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Products>2 Corinthians (NIV Application Commentary | NIVAC)

2 Corinthians (NIV Application Commentary | NIVAC)

, 2000
ISBN: 9780310427285
Logos Editions are fully connected to your library and Bible study tools.



2 Corinthians part of the NIV Application Commentary series, helps readers learn how the message of 2 Corinthians can have the same powerful impact today that it did when it was first written. This volume is part of a series which explains the Bible’s message by placing it in a modern context. This edition gives insight into both the author of the letter, Paul, and most strikingly, what it says about God.

Resource Experts
  • Treats all the elements of traditional exegesis
  • Compares the original context and the contemporary context
  • Engages contemporary life and culture

Top Highlights

“People are not blinded because they choose to renounce the gospel; rather, they choose to renounce the gospel because they are blind. And they are not blind because they choose to be so, but because Satan has made them so.” (Page 177)

“In other words, Paul talks about comfort more than any other author because he talks about suffering more than any other author, and he does so more often in 2 Corinthians than in any other letter, and more densely in 1:3–11 than in any other section of this letter.” (Page 60)

“The point here is not how much one gives, but that one gives as freely as possible, knowing that the ‘return’ will be of like kind. Since the manner of one’s giving reflects the character of one’s heart, there is a principle of divine retribution here. God gives back ‘blessings’ to those who give as a matter of ‘blessing,’ but withholds his blessings from those who withhold from others.” (Page 366)

“The point is the contrast between two perspectives, not two aspects of a person’s life, such as Jesus’ earthly, historical existence versus his eschatological, cosmic identity as the ‘Christ.’ To know someone ‘according to the flesh’ is the opposite of knowing that person ‘according to the Spirit,’ which is the mark of the age of the new covenant (cf. 3:3, 6–18). Conversion entails a converted criteria for evaluating what is valuable and true. In Christ, Paul no longer evaluates others according to the world’s standards or expectations (cf. Gal. 3:28), just as he no longer evaluates Christ in this way.” (Page 242)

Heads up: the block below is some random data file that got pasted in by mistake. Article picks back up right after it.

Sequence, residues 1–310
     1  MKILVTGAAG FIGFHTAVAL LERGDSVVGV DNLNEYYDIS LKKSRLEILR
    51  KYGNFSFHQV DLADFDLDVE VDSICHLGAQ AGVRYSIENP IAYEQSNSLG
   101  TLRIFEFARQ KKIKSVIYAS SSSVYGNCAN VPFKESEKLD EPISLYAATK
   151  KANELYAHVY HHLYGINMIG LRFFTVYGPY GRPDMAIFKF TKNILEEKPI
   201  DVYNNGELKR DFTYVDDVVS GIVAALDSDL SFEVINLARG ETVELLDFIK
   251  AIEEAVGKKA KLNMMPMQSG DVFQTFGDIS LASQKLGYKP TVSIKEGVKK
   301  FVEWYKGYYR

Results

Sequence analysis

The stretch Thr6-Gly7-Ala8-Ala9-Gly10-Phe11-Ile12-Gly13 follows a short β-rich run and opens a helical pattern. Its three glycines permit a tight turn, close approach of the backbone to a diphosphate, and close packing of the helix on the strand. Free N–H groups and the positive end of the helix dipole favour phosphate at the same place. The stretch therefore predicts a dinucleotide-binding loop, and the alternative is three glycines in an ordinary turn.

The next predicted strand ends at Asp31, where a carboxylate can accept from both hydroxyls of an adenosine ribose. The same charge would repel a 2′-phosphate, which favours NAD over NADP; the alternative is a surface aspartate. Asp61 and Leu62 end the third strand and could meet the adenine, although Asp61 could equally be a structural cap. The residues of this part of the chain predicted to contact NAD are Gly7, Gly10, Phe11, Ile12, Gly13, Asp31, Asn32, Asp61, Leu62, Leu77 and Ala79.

“Jesus’ incarnation illustrates that the ‘grace’ expressed in love is the willingness to give up one’s own rights for the sake of meeting the needs of others.” (Pages 337–338)

This is the pulpit commentary for the twenty-first century.

—George K. Brushaber, president, Bethel College and Seminary

The NIV Application Commentary meets the urgent need for an exhaustive and authoritative commentary based on the New International Version. This series will soon be found in libraries and studies throughout the evangelical community.

—James Kennedy, senior minister, Coral Ridge Presbyterian Church

It is encouraging to find a commentary that is not only biblically trustworthy but also contemporary in its application. The NIV Application Commentary will prove to be a helpful tool in the pastor’s sermon preparation. I use it and recommend it.

Charles F. Stanley, pastor, First Baptist Church of Atlanta

Dr. Hafemann rejoined Gordon-Conwell in 2004 after having served since 1995 as the Gerald F. Hawthorne Professor of New Testament Greek and Exegesis at Wheaton College and Graduate School. He formerly served as Professor of New Testament at Gordon-Conwell (1987 to 1995) and directed the Greek program for four years. He was also Assistant Professor of New Testament at Taylor University and Visiting Assistant Professor of New Testament at Saint John’s University. Dr. Hafemann serves as President of Mission: Chad, a Christian ministry supporting the orphan rescue-work and theological education of the churches of Chad, where he also regularly teaches at Shalom Evangelical School of Theology. He is also active teaching in Bible colleges and seminaries in the majority world. Besides Chad, he has taught most recently in Greece, Croatia and India. Commentaries on


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